In a Monday email that Merghani provided to The Fix, Leonard said the university was unwilling to provide Merghani with a full-time campus police escort.
“[W]ith no specific direct threat to you personally by another individual, they do not see appropriate cause to approve your request for an armed escort to all classes,” Leonard said. (They did not discuss the threatening message that Merghani deleted.)
It would also present the university with an image problem, Leonard seemed to suggest: It “would be tantamount to a broader safety issue for others on campus.”
Breach of contract and ’emotional trauma’
“I made a request for armed security to escort me from class to class which they denied because ‘it would make the university look bad’ if their only black, gay, muslim, refugee student was so targeted and unsafe she needed security to escort her from place to place,” Merghani wrote in a Facebook post Aug. 16.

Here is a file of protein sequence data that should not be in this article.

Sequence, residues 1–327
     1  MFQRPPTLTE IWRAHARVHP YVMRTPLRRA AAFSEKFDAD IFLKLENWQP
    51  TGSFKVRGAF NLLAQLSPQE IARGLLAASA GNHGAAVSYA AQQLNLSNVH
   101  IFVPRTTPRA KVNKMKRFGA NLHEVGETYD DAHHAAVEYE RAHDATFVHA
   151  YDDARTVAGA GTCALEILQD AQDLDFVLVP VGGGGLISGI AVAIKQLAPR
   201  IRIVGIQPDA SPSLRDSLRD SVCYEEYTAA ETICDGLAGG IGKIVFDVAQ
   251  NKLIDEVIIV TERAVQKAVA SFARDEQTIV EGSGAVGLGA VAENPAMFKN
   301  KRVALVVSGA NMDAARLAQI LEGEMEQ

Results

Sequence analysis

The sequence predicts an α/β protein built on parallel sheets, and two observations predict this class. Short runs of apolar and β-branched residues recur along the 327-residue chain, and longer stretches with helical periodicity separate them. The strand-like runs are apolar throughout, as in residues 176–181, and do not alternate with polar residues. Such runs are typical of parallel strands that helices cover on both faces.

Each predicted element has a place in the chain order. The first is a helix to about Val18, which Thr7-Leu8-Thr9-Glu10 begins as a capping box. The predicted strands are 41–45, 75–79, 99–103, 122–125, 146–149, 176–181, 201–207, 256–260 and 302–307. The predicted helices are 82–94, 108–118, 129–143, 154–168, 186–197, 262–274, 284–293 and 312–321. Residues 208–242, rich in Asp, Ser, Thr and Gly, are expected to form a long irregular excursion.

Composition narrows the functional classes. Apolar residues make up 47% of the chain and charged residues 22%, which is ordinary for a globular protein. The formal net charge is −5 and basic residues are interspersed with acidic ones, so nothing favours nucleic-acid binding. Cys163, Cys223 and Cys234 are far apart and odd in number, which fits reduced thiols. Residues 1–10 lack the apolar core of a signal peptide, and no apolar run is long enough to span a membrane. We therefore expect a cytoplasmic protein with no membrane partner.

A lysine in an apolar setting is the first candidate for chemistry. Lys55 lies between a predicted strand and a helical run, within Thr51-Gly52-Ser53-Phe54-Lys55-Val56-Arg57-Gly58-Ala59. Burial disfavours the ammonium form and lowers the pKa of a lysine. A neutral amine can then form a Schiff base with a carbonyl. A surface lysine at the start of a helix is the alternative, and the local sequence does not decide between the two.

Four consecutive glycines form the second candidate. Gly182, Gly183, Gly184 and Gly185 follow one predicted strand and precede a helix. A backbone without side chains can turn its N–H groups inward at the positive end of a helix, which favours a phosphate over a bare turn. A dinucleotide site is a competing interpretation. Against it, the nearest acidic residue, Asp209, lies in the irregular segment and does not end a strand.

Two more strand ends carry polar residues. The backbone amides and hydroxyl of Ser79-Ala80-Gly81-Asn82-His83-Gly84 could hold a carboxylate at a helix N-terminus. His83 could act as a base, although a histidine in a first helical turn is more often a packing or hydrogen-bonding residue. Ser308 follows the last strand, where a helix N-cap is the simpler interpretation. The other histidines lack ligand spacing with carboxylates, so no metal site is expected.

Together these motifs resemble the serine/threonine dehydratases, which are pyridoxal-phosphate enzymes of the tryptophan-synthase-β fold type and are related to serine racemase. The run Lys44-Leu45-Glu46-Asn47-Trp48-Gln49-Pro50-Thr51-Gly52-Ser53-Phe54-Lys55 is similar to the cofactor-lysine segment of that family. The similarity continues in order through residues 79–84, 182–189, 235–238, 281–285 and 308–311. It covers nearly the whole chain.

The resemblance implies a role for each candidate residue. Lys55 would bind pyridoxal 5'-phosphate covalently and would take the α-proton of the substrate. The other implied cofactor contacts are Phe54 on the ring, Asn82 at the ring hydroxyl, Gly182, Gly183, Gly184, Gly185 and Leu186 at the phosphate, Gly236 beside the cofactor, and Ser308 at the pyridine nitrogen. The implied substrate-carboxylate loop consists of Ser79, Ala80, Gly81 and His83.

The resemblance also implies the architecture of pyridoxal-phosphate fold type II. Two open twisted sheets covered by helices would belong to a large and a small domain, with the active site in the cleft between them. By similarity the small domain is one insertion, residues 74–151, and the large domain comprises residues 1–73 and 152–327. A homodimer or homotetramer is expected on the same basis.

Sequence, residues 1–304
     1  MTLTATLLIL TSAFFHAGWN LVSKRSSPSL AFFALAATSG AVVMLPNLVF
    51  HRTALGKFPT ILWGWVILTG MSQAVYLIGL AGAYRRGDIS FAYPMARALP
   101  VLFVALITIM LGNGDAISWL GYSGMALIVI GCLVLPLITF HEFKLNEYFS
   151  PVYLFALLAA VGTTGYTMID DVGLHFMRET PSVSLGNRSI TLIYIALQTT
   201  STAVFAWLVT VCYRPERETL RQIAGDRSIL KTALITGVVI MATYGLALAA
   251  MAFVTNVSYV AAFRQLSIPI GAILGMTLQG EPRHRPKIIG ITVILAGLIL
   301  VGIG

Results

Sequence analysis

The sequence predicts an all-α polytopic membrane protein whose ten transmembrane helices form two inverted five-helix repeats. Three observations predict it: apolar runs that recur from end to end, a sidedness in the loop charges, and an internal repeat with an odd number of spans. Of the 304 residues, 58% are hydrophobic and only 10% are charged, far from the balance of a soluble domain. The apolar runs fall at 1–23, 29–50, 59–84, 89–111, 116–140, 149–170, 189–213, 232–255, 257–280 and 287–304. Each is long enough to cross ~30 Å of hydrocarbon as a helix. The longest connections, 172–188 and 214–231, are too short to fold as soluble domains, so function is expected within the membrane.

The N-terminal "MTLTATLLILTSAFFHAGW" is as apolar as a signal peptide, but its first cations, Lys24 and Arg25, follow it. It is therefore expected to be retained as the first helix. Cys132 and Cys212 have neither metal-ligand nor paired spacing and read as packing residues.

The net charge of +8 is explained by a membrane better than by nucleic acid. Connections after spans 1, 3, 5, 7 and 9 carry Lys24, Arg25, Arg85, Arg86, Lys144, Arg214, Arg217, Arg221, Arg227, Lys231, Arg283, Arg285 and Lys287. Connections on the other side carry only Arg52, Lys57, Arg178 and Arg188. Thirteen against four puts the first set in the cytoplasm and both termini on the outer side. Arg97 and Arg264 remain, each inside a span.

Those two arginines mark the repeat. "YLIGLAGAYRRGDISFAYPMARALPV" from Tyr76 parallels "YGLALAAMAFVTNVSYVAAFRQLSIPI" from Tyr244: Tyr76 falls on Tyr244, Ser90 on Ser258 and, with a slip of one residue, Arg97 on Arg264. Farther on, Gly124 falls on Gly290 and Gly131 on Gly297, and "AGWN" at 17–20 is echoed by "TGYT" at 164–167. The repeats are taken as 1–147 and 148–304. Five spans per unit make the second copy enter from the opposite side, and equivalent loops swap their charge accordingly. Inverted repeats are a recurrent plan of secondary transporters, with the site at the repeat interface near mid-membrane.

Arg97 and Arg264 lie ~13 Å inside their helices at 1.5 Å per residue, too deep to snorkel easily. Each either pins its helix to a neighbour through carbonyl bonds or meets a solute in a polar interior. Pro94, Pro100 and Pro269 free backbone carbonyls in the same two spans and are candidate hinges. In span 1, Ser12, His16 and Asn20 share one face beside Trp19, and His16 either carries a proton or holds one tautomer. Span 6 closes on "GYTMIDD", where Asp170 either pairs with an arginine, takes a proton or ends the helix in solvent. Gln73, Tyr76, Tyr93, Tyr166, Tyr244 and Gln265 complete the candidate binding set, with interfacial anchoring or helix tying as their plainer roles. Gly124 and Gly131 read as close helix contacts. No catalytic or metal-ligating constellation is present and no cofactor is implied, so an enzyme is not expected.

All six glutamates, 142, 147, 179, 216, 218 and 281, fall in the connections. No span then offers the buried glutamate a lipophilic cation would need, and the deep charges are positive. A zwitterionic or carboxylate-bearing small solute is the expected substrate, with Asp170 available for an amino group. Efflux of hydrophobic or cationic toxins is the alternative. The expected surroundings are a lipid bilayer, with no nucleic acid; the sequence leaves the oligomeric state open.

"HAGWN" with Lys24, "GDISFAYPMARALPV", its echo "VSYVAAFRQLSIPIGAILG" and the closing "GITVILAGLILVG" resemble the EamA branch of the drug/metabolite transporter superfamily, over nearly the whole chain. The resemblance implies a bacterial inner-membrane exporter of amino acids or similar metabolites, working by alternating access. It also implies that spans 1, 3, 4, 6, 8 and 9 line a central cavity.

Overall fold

Leonard did not respond to Fix emails Tuesday and Wednesday asking what sort of personal threats, if any, would spur the university to provide police protection. The Office of University Relations declined to comment on Wednesday.
“I literally cried for hours,” Merghani told The Fix via text message Monday. “Like, [Leonard] literally told me she was denying my security request and then sent me the link to withdraw. That’s so fucking hurtful. This is the same woman who was patting me on the back telling me how proud she was of me just a year ago?”
Merghani said she plans to sue the university, likely for “breach of university policy” and “emotional trauma,” but will also appeal the university’s decision to Chancellor José Sartarelli.
“I keep trying to tell myself it’s not personal but it’s clearly personal,” said Merghani.